By Rene P. Ciria-Cruz
PACIFIC NEWS SERVICE
American officials, several of their allies and many U.S. media criticized Philippines President Gloria Macapagal-Arroyo’s decision to recall her nation’s small military contingent in Iraq in order to save the life of Filipino hostage Angelo de la Cruz. They called the move cowardly and said it sent terrorists “the wrong signal.” For most of De la Cruz’s compatriots, however, and from the standpoint of their national interest, it was a sensible, even courageous, move.
There was more at stake in Arroyo’s decision to pull out of Iraq than saving the life of an unfortunate hostage or avoiding the ire of the U.S. government, a key source of foreign aid for the Philippines. The hostage crisis imperiled a crucial survival mechanism for the impoverished nation the gainful employment of millions of overseas Filipino workers in the Middle East.
Some 2 million Filipinos work in the region, with nearly a million in Saudi Arabia alone. These large contingents of Filipino workers have become a critical prop of the Philippine economy. They represent the millions who can’t find work in their own country. They send home some $8 billion a year (remittances were largely responsible for a 4.5 percent GNP growth in 2002), providing otherwise income-strapped families the spending power that keeps the economy afloat.
A number of Filipinos have been among the unintended victims of suicide bombings in Israel, and a number were killed in recent attacks on foreigners working for American firms in Saudi Arabia. For Arroyo to insist on remaining in the so-called “Coalition of the Willing,” despite the terrorists’ threats, would have exposed all Filipinos in the region to a dramatically higher level of danger where they are transformed into deliberate targets of terror because their government persists in giving political cover to Bush’s “coalition” by keeping a symbolic military contingent in Iraq.
In such an eventuality, the mass return of millions of Filipino workers evading terrorist attacks in the Middle East would mean disaster for the Philippine economy. The Philippine government is simply not prepared to absorb a sudden influx of jobless returnees.
The large-scale repatriation of Filipinos from the Middle East also would mean trouble for many Arab countries including some of America’s allies that have come to depend on imported Filipino labor or expertise for a multitude of tasks, from domestic work to construction and management. As a British-educated Saudi blogger wrote on his website, “Now if there’s one expat group that we couldn’t do without long term, it’s the Filipinos.” There can be no doubt that President Arroyo’s decision to pull out of Iraq to protect other Filipinos was quietly encouraged by many an Arab host government.
Clearly Arroyo’s decision was also politically self-serving, given the popular outcry in the Philippines for De la Cruz’s safe return. Overseas Filipino workers an estimated 8 million labor in 150 countries risk their lives and endure long absences from their families. They’re often called modern-day heroes by Filipino officials and media alike. In 1995, President Fidel Ramos’ popularity plunged when he failed to save the life of Flor Contemplacion, a domestic worker who was hanged by the government of Singapore on a questionable murder conviction.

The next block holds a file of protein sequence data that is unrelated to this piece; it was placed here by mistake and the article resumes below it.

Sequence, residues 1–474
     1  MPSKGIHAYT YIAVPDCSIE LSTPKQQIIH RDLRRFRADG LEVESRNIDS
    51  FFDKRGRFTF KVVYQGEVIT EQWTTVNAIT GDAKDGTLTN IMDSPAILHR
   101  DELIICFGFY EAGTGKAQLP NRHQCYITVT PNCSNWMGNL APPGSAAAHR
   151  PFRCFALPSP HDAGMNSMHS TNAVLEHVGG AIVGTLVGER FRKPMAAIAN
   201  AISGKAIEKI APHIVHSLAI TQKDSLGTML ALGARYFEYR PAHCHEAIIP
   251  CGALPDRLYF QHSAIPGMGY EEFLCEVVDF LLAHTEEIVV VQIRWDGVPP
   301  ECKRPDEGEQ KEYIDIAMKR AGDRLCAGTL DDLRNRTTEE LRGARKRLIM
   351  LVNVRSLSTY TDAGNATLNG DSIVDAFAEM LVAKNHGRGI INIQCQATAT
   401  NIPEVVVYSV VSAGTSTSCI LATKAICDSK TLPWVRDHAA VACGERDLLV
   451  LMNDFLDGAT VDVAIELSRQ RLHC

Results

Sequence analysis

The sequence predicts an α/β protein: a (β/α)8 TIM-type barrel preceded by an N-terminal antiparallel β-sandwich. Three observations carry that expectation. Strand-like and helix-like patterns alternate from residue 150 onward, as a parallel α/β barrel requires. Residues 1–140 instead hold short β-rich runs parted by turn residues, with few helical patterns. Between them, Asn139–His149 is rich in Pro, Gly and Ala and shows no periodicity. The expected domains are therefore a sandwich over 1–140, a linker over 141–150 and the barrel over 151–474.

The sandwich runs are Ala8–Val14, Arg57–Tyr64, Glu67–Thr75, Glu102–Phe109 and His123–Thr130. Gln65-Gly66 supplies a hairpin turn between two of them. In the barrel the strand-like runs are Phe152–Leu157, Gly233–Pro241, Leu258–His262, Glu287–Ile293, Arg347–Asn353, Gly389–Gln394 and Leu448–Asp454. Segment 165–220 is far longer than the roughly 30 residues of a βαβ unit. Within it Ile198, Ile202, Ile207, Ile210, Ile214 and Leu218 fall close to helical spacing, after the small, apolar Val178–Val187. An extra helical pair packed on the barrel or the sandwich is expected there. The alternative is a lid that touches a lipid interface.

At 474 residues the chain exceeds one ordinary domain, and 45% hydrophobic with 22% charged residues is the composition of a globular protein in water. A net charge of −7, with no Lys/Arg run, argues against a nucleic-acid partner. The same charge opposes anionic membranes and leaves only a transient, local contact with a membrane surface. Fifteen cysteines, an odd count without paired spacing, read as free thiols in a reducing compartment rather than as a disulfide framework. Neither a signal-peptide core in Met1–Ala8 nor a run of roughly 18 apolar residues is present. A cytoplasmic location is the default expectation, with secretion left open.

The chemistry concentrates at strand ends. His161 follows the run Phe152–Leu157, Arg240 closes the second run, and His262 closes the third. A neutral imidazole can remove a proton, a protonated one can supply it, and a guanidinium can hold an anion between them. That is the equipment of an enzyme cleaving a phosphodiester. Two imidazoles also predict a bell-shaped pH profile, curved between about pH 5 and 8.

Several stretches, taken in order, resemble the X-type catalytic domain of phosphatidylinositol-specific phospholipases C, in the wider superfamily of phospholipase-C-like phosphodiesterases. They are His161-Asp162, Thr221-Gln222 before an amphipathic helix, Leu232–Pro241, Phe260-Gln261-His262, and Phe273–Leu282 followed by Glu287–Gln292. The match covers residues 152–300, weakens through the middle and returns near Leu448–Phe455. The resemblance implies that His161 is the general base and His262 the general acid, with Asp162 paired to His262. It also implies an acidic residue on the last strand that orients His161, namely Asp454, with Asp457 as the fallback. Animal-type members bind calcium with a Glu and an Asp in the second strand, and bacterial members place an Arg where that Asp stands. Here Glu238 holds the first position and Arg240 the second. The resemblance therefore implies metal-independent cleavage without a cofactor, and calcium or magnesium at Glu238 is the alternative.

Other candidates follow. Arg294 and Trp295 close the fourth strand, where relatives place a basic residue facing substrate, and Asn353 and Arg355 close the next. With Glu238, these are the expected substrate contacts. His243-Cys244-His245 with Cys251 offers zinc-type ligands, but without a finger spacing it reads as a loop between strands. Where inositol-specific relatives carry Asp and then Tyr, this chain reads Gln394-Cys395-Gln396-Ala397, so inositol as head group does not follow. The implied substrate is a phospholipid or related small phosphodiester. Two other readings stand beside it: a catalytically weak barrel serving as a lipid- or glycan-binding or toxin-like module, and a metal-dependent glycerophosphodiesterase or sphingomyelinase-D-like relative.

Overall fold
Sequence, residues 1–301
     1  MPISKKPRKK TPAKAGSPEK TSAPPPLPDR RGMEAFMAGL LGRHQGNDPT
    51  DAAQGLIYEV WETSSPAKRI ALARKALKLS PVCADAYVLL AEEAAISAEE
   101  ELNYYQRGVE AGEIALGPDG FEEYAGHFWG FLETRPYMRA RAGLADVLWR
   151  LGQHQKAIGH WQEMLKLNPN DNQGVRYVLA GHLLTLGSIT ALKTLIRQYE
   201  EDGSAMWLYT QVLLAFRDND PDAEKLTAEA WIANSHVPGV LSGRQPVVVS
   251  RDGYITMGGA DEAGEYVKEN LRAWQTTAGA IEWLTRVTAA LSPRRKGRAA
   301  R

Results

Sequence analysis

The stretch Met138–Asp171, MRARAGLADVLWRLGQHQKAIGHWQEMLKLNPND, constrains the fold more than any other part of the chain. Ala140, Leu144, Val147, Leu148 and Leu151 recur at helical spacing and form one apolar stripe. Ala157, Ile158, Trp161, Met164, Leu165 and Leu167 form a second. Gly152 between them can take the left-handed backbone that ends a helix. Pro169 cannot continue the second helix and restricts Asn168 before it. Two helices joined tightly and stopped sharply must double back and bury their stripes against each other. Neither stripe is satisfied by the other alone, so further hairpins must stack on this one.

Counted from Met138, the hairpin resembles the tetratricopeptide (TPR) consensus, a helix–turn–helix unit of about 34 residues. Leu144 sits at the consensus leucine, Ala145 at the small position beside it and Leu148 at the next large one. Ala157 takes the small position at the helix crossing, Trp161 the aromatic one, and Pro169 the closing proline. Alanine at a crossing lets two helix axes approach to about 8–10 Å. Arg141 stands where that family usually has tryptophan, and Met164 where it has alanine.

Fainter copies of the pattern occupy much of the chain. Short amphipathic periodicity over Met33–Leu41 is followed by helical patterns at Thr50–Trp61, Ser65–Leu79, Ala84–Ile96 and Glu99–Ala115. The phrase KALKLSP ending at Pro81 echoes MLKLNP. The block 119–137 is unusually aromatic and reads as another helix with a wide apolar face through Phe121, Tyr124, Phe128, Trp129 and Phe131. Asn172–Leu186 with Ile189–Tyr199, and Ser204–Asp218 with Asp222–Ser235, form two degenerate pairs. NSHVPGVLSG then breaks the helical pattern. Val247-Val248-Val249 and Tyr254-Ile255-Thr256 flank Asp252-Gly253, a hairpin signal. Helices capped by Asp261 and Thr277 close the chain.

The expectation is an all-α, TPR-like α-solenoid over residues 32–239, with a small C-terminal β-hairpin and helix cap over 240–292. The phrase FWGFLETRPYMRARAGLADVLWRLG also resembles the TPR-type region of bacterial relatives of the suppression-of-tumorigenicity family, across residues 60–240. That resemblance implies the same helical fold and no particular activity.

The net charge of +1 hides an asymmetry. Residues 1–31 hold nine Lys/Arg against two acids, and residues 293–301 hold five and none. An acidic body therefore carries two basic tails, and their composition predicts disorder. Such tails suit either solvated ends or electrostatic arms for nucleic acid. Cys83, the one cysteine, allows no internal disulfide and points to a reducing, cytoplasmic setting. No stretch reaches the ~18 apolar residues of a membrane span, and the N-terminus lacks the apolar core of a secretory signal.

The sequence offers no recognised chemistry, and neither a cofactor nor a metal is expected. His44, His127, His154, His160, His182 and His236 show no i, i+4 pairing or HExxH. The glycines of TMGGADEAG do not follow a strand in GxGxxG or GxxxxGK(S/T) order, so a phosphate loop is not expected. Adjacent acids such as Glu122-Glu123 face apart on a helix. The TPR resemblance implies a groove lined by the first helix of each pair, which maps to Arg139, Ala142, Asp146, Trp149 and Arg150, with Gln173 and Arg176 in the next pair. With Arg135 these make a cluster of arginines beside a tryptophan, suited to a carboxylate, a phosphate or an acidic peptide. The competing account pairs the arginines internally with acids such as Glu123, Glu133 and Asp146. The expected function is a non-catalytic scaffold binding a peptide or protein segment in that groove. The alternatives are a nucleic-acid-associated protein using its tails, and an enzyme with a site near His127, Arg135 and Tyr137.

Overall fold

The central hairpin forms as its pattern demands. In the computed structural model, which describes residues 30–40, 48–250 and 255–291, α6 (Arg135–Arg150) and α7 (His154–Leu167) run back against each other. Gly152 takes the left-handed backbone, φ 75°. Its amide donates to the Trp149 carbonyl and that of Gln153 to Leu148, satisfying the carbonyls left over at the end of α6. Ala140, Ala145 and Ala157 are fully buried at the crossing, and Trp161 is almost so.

De la Cruz’s kidnapping brought back memories of that execution, and the political danger was not lost on Arroyo. She had just assumed office after a bitter election whose credibility is held in doubt. Failure to bring back De la Cruz alive would have given her enemies effective ammunition in a poisonous political climate rife with talk of destabilization plots.
Manila’s media are nearly unanimous in praising Arroyo’s decision. From the start, her unnecessary deployment of a military contingent to Iraq was widely criticized, both as a sign of subservience to the United States and as a ploy to corner American support for her looming run for the presidency. Her decision to quit Bush’s “Coalition of the Willing” is seen as a rectification of that error and a hopeful sign of independence from Washington.
Editorials bristle at American and Australian criticism of the pullout. They recall the U.S. exchange of arms for hostages with Iran and the American retreat from Somalia and Beirut, and they question the wisdom of supporting an occupation that Americans, polls show, no longer support.
Several commentators excoriated The New York Times for making a spurious distinction between the Philippines’ decision (which the Times called deplorable) and Spain’s pullout from Iraq after the Madrid bombing (which it said was understandable). For most Filipino opinion-makers and from the standpoint of the Philippine’s national interest pulling out of Iraq was not a “wrong signal” to terrorists. The wrong signal was to send a troop contingent to begin with, which only served to militarize the long-standing and purely civilian Filipino presence in the Middle East and made it a likely target of terrorist attacks.
As for Washington’s implied threat of leaving the Philippines at the mercy of its homegrown terrorists, it’s empty and face-saving. The Philippines remains the most important staging area for any U.S. operations against Al Qaeda’s affiliates in Southeast Asia, as predominantly Muslim Indonesia and Malaysia are less than ideal hosts. In fact, several U.S. military exercises are set to take place in Southern Philippines. Like it or not, Washington is stuck with Manila, and the latter knows it.
Rene P. Ciria-Cruz is editor of Filipinas Magazine.